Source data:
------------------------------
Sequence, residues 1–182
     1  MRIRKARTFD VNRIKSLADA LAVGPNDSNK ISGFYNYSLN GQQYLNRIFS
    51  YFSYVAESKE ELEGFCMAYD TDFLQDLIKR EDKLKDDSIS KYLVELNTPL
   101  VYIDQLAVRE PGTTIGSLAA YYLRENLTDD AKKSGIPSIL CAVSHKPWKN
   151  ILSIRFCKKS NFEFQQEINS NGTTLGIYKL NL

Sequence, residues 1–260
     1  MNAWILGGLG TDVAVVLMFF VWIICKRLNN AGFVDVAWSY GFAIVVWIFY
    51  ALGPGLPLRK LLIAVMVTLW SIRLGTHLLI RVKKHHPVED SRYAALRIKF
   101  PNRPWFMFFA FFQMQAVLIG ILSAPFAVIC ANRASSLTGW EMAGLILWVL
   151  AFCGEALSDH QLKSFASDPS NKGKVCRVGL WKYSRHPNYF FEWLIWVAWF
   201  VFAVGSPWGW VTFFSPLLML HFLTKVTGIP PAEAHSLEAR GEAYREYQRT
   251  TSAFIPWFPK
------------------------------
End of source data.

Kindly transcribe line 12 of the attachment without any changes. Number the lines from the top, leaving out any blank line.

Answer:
   251  TSAFIPWFPK